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Six months of negotiations to resolve some of the outstanding issues in the peace process in Northern Ireland have ended without a deal.

Chairman of the talks Dr Richard Haass has admitted he has failed to find consensus among the five political parties on parades, flags and the legacy of the civil unrest. The end-of-year deadline brought no agreement.

“It would have been nice to come out here tonight and say we have all five parties completely signed on to the text. We are not there,” he said after 18 hours of talks.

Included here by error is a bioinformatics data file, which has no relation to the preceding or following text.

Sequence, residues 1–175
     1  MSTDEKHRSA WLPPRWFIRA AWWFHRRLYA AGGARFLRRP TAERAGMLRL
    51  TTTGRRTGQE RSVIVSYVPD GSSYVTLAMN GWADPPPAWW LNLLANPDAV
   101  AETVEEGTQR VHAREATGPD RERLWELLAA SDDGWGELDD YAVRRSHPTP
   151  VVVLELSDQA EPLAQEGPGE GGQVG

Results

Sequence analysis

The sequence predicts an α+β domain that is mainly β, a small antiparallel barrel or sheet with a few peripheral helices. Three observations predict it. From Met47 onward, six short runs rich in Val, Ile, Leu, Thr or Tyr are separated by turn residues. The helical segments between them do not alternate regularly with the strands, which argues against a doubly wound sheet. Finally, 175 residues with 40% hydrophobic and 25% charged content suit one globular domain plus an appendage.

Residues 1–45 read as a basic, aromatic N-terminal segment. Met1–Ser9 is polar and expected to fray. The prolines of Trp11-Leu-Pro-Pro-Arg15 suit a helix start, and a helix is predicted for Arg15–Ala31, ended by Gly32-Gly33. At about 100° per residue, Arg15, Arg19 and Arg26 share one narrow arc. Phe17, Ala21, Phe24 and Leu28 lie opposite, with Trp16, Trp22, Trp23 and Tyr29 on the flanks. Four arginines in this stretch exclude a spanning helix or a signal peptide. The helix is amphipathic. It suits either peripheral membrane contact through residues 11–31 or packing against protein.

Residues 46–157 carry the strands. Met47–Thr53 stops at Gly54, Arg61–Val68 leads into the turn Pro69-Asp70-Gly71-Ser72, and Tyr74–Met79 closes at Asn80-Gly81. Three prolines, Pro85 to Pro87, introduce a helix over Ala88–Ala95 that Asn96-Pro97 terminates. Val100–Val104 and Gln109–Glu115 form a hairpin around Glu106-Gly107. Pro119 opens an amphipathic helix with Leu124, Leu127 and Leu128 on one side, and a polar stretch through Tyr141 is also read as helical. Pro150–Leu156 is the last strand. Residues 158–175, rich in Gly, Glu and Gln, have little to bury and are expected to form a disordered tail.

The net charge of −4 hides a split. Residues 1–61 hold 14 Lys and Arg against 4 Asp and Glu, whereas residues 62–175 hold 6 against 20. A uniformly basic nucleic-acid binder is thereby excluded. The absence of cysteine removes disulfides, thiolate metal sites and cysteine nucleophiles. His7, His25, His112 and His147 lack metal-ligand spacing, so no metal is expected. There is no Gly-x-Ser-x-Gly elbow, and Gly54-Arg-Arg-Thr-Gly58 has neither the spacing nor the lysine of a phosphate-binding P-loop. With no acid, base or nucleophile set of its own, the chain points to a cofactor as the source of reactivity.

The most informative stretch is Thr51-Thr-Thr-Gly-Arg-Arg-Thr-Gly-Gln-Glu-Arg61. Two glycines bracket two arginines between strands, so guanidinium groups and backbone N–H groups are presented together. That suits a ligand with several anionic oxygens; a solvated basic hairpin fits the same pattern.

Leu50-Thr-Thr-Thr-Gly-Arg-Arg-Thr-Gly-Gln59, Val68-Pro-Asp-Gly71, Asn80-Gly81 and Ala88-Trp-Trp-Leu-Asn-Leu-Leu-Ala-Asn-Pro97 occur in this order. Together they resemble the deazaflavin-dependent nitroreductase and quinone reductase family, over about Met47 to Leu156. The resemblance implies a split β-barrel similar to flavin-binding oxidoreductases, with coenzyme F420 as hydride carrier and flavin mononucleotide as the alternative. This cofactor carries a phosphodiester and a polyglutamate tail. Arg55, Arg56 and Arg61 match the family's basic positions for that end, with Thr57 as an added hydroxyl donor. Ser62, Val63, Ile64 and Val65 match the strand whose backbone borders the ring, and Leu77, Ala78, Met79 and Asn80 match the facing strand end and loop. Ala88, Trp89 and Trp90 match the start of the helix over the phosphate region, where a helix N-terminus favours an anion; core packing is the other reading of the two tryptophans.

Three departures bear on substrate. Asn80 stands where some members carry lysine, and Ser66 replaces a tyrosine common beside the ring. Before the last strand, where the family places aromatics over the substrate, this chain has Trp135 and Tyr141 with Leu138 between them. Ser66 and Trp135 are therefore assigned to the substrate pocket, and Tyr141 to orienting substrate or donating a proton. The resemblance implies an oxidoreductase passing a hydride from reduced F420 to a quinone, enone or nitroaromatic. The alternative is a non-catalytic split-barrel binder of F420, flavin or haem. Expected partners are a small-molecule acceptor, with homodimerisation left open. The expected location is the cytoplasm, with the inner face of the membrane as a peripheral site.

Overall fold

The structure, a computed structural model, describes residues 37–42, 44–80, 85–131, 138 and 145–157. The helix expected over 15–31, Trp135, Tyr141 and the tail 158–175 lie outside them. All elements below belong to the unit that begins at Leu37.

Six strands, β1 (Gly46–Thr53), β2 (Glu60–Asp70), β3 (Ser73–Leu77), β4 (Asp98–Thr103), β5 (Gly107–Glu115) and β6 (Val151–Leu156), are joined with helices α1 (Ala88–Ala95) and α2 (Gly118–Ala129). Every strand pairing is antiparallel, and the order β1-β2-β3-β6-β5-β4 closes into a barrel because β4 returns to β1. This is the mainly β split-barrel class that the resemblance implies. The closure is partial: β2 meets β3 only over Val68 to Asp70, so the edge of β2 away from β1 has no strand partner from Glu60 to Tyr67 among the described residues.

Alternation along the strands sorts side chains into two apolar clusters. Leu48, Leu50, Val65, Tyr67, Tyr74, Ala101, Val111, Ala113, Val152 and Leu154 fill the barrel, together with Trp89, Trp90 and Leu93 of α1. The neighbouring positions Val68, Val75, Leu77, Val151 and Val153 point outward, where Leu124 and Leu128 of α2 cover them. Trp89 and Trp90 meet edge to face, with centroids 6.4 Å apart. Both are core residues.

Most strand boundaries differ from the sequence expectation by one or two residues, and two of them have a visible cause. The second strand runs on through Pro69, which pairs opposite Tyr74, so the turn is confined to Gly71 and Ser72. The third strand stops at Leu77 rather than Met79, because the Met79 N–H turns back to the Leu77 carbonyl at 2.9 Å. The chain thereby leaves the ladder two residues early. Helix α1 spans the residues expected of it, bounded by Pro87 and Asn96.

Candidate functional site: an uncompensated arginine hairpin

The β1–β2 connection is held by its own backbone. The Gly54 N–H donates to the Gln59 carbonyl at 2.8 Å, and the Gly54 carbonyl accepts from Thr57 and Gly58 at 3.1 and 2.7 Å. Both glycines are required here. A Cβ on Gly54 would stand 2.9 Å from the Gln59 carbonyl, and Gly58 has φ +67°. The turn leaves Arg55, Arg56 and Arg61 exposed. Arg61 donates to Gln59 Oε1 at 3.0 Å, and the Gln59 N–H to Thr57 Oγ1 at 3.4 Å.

Tensions have led to one of the worst years of rioting in the province for a decade. Sectarian marches led to stand offs, street violence erupted over the right to fly flags while several bombs were planted in the city of Belfast by militants opposed to the peace deal of 1998.

It aimed to bring stability to Northern Ireland after decades of unrest which left more than 3,600 people dead.

Dr Haass, a former US diplomat, is set to leave the province and said no date has been fixed for the resumption of any talks.

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